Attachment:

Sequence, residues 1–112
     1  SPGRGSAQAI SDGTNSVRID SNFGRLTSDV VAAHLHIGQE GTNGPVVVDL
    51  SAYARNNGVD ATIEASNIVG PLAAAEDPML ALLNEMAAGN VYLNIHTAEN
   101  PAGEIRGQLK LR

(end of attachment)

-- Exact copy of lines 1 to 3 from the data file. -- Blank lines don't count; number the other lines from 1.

Sequence, residues 1–112
     1  SPGRGSAQAI SDGTNSVRID SNFGRLTSDV VAAHLHIGQE GTNGPVVVDL
    51  SAYARNNGVD ATIEASNIVG PLAAAEDPML ALLNEMAAGN VYLNIHTAEN